It seems likely that selective breeding resulted in the small size of the Yorkshire Terrier, but someone apparently forgot to tell this little guy that he's a scaled down version of a terrier. Indeed, the Yorkshire Terrier is a brave soul, tending toward fierceness if he feels he or his territory is being threatened. The Yorkshire Terrier - or Yorkie, as he's commonly called - developed in England only a little more than a century ago. With roots that new, it should be easy to trace the lineage but this is one dog that has defied efforts to pin down the origins. As it happens, it was miners who developed the Yorkshire Terrier in an effort to find a tenacious dog that could kill the rats in the mines.
The miners required that the dog be able to fit into small places in order to catch the rats, but be tenacious enough to not fear the rats. Though the Yorkshire Terriers the miners came up with typically weighed only a few pounds more than the rats they chased, they were game little dogs who went after their prey with a vengeance. It was only over the past few decades that the Yorkshire Terrier became a companion dog treated with all the elegant favor of the rich and famous. Today, many Yorkshire Terriers are pampered pets, though not only for the rich.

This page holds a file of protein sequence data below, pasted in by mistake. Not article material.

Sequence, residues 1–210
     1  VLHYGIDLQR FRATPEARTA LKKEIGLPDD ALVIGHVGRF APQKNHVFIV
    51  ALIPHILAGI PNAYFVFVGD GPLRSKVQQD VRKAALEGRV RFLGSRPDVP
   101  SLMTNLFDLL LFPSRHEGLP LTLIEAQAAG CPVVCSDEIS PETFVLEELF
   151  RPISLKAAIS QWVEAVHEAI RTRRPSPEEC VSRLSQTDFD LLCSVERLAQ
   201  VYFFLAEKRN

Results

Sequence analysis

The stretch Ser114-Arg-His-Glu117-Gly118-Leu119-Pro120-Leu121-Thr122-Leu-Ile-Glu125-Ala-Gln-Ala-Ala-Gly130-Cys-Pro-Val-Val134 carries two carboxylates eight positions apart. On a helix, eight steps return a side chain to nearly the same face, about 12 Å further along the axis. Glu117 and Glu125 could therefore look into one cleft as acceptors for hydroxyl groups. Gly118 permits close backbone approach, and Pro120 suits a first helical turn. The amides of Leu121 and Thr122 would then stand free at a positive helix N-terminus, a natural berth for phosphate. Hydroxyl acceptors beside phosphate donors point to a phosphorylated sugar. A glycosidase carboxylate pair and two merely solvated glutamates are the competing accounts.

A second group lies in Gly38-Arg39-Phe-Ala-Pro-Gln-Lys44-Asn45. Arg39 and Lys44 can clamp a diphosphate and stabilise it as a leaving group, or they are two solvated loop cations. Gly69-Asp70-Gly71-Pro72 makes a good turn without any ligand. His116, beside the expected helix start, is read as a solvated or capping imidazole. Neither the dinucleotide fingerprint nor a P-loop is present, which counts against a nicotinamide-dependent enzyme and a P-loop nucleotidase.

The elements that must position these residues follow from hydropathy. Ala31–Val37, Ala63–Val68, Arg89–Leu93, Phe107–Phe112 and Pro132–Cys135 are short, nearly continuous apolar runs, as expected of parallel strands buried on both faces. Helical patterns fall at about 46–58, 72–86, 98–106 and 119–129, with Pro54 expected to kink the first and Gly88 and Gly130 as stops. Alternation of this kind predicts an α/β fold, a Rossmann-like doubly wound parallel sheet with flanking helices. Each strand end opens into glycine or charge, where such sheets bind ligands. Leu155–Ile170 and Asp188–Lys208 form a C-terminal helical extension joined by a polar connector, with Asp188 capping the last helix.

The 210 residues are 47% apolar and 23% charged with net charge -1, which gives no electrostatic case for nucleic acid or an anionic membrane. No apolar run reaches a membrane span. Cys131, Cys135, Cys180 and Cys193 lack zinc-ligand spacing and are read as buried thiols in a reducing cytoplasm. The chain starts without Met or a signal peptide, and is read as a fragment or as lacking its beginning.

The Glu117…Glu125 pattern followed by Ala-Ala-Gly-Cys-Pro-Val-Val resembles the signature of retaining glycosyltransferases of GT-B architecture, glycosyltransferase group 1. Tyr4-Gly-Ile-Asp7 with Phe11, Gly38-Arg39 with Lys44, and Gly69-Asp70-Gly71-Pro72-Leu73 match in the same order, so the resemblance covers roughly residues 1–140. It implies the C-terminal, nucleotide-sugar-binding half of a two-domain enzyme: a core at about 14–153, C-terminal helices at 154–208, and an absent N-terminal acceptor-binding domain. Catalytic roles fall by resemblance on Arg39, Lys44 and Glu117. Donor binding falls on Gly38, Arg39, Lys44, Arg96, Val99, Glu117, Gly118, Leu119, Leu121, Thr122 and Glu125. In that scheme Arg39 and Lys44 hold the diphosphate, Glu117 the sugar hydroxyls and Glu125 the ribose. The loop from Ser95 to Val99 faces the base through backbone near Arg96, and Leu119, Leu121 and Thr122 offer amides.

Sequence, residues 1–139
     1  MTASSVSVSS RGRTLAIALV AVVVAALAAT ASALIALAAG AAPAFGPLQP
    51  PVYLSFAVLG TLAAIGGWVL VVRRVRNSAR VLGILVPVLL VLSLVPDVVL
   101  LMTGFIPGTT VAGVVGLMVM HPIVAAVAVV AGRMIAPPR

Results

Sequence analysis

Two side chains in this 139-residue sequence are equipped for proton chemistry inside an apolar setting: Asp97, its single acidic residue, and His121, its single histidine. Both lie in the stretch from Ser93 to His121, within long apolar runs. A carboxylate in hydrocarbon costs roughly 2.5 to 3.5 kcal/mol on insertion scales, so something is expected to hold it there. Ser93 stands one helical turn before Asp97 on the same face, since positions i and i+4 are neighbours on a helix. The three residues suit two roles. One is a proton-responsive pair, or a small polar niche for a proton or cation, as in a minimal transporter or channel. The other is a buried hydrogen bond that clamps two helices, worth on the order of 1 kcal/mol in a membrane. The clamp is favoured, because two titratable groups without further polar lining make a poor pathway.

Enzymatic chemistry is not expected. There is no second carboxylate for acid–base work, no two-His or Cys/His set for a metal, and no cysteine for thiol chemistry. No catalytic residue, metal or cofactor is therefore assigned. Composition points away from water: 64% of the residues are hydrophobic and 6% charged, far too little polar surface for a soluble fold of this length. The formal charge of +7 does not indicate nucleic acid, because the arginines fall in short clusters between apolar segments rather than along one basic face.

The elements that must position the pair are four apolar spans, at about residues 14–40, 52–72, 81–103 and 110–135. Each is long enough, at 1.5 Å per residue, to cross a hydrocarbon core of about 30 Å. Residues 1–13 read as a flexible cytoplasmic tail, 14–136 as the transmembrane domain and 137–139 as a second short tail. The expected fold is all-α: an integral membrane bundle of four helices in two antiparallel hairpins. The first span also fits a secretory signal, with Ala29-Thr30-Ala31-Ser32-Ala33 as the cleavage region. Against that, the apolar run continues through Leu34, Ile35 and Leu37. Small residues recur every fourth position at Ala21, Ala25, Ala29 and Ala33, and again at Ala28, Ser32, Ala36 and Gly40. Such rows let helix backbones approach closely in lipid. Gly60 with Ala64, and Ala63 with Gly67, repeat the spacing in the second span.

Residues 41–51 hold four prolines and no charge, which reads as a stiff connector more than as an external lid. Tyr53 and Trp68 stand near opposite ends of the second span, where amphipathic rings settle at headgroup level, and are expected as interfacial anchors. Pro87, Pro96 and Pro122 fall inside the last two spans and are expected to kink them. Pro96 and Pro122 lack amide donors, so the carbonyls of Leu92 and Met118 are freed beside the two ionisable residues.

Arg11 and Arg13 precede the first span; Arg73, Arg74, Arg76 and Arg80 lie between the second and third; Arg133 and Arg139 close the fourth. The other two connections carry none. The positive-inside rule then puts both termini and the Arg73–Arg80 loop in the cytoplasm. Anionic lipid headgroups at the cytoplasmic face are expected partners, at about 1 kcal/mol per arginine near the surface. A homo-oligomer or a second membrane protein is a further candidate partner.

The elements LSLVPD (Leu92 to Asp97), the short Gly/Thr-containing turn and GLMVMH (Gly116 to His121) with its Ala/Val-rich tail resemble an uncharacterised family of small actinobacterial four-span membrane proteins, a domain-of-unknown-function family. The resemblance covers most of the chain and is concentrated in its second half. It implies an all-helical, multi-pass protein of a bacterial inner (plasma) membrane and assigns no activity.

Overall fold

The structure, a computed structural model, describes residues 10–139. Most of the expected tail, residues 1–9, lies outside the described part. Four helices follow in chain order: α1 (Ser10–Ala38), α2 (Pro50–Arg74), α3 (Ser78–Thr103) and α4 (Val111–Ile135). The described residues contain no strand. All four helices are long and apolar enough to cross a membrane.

The behavior of these dogs can become a problem if they are pampered too much. The natural tendency for some people to "baby" an animal of this size should be curbed to some degree. These are active little dogs that need to romp, play and show off their tenacity. As a general rule, a grown Yorkshire Terrier will weigh six to eight pounds, though seven seems to be a very common average.
"Teacup" or miniature versions of the Yorkshire Terrier occur fairly often, usually weighing five pounds or less. These smaller Yorkies sometimes have increased health risks and many seem to be snappish, shy or exhibit other undesirable traits that are not overly evident in their normal sized counterparts. As a rule, the Yorkshire Terrier is Remember that his ancestors were selected for their ability to run into the dangerous mines in search of vermin. The Yorkies of today need that same sense of duty and challenge. Today, it typically comes in the form of play, but the Yorkshire Terrier's need for challenge shouldn't be ignored.
New tricks and commands are a good way to occupy some of this dog's time, but he also needs some plain old playtime where he's encouraged to run and romp. If presented in a way that doesn't attract the Yorkie, new things may seem like orders and this dog may not take orders well. That includes - but isn't limited to - housetraining. Remember that for all the terrier tenacity, these are small dogs.
They have little bones and won't generally survive kicking or excessive roughness. Discipline and play has to be done with the size of this little guy in mind. After all, the Yorkshire Terrier may have forgotten that he's living in a little body, but the people who care for him can't.
For more information on Yorkshires and other Popular, and not-so-popular breeds of dogs, visit The Toy Dog Directory